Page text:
Negros Oriental Diaries: Dumaguete City Food Guide

The best way to immerse oneself in a particular region’s culture is to eat like a local. And that’s exactly what we did during our recent trip to Dumaguete City. Its food scene offers a good mix of traditional and modern cuisine, catering to the myriad tourists that flock the city. Being a waterfront settlement, expect seafood to be abundant, readily available and affordable at Dumaguete.

First off, begin your day with a filling breakfast in one of the painitans at the Dumaguete Public Market. We chose Sison’s Painitan at the farthest end of a row of stalls. Painitan is a place where workers and just about anybody else can have something “mainit” or warm to fill their bellies and energize their bodies in anticipation of a long day of work.

GOPR4400
Sison’s Painitan
Food here is very basic — a shot of thick native chocolate drink, a cup of brewed coffee with condensed milk, a scoop of puto (sticky rice cooked in coconut milk and a little salt), a piece or two of kabog (similar to suman or steamed cassava roll wrapped in banana leaf) and maybe bread with either margarine or peanut butter.

IMG_3783
Breakfast of budbud kabug, puto and tsokolate
A word of caution though, this is not for the posh or luxe traveler but it’s probably the most immersive gastronomical experience that one could get in Dumaguete.

GOPR4396
Budbud Kabug
Don’t worry though, if this is not your thing, because there are many other restaurants in Dumaguete that serves good breakfast food. Head over to Sans Rival Cakes and Pastries, Gabby’s Bistro, The Rollin’ Pin, Jo’s Chicken Inato, Hayahay Restaurant for a variety of Filipino and continental breakfast meals.

When we arrived from our Manjuyod trip, we asked the receptionist at Golden Gate Suites for recommendation on where to get the best and most affordable seafood meals in Dumaguete. Without second thought, she said we should try Lantaw Native Restaurant, about 15 minutes away from downtown Dumaguete via tricycle.

GOPR4194
Lantaw Native Restaurant
One thing striking about Lantaw (“to foresee” in English) is its interiors embellished with Filipino decorations. The entire ceiling is covered with bilao (native woven tray) while the main counter featured the entire forepart of a jeepney. It’s a big, high-ceilinged restaurant that is perfect for casual diners or those holding an event.

GOPR4200
Inside the spacious interiors on Lantaw
GOPR4198
Our seat
We ordered a feast — grilled tanigue, cheesy baked oysters, garlic buttered prawns and kangkong adobo. Dessert, meanwhile, is moist and warm bibingka ala mode. We have nothing but praises for these amazing dishes. Quality, taste, freshness and price were all noteworthy. Every visitor in Dumaguete should put Lantaw Native Restaurant in their itinerary.

GOPR4223
Baked oysters
GOPR4220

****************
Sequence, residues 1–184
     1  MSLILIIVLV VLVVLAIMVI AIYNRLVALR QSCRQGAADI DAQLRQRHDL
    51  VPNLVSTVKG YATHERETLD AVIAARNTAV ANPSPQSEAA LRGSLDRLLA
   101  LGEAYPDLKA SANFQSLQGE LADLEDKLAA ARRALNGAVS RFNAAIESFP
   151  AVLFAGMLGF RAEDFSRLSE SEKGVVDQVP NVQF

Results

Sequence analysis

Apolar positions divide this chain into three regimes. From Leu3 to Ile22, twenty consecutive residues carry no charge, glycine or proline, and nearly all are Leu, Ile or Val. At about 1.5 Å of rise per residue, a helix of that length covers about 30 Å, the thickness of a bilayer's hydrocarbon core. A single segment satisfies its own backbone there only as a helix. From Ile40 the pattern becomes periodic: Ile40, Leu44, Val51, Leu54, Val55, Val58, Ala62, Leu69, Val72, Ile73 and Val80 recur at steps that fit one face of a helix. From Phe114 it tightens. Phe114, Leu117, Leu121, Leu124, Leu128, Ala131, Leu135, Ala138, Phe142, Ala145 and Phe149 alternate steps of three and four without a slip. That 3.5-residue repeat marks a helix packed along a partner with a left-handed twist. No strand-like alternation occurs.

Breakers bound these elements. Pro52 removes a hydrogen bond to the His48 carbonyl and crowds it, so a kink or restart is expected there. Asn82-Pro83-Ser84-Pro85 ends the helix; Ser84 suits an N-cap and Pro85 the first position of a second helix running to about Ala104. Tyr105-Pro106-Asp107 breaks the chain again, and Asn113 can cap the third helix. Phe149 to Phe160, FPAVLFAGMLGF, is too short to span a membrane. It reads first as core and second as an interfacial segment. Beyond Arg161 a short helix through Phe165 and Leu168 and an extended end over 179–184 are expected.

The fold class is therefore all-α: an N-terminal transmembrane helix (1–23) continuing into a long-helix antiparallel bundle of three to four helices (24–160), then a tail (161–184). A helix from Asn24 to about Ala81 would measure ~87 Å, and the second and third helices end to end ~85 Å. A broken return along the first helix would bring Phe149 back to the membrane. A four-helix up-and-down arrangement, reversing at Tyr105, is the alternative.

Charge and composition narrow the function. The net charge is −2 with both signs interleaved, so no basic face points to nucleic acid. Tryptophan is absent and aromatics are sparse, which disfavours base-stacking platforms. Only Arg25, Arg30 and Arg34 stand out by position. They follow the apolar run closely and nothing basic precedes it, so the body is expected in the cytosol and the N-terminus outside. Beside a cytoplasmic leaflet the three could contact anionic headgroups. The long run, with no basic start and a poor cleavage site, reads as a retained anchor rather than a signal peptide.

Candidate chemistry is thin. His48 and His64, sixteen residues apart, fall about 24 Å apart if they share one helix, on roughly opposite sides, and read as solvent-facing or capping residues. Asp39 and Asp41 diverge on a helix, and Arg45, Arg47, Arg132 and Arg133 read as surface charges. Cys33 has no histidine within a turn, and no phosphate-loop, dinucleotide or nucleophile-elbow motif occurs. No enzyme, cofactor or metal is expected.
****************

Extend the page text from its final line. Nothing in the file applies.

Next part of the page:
Grilled tanigue
IMG_3750
Adobong kangkong
IMG_3748
Garlic Butter Shrimp
GOPR4225
Moist and warm bibingka a la mode
GOPR4209
Buko shake
After a savory meal, a good dessert should always be in order. For your sweet fix, have a slice of sans rival or a piece or two of silvanas at Sans Rival Cafe & Restaurant, perhaps one of the most recognizable landmarks in the city. Pair it with a cup of coffee and you’re good to go.

IMG_3771
Sans Rival Bistro
GOPR4388
A brief history of the restaurant printed in their menu
GOPR4390
Sans rival, silvanas and coffee
The night scene at Dumaguete is not as bustling as, say Boracay, save for a few bars that feature live acoustic music. In the evening though, Rizal Boulevard comes alive with stalls selling Dumaguete’s most famous street food — tempura and seafood roll.

IMG_3778
Tempura and seafood roll
Tempura is not the japanese dish that we are all familiar with. It’s more similar to kikiam, both in taste and form. The seafood roll, meanwhile, is a tasty morsel made of fish and vegetables. Tempura is Php4/piece while seafood roll is Php7/piece. Sauces are a choice of sweet, sweet spicy and spicy vinegar. There are tables set up at each stall where patrons can comfortably eat. Drinks, both alcoholic and non-alcoholic, are likewise sold.

GOPR4394
Evening street scene along Rizal Boulevard
These are just a handful of restaurants to check out in Dumaguete. There are many more places to explore in the city, just ask around especially tricycle drivers who never run out of good recommendations. Just always remember to eat like a local in order to best experience the culture and uniqueness of the place you are visiting.

Advertisements

Leave a Reply

Please log in using one of these methods to post your comment:

WordPress.com Logo

You are commenting using your WordPress.com account. Log Out / Change )

Twitter picture

You are commenting using your Twitter account. Log Out / Change )

Facebook photo

You are commenting using your Facebook account. Log Out / Change )

Google+ photo

You are commenting using your Google+ account. Log Out / Change )

Connecting to %s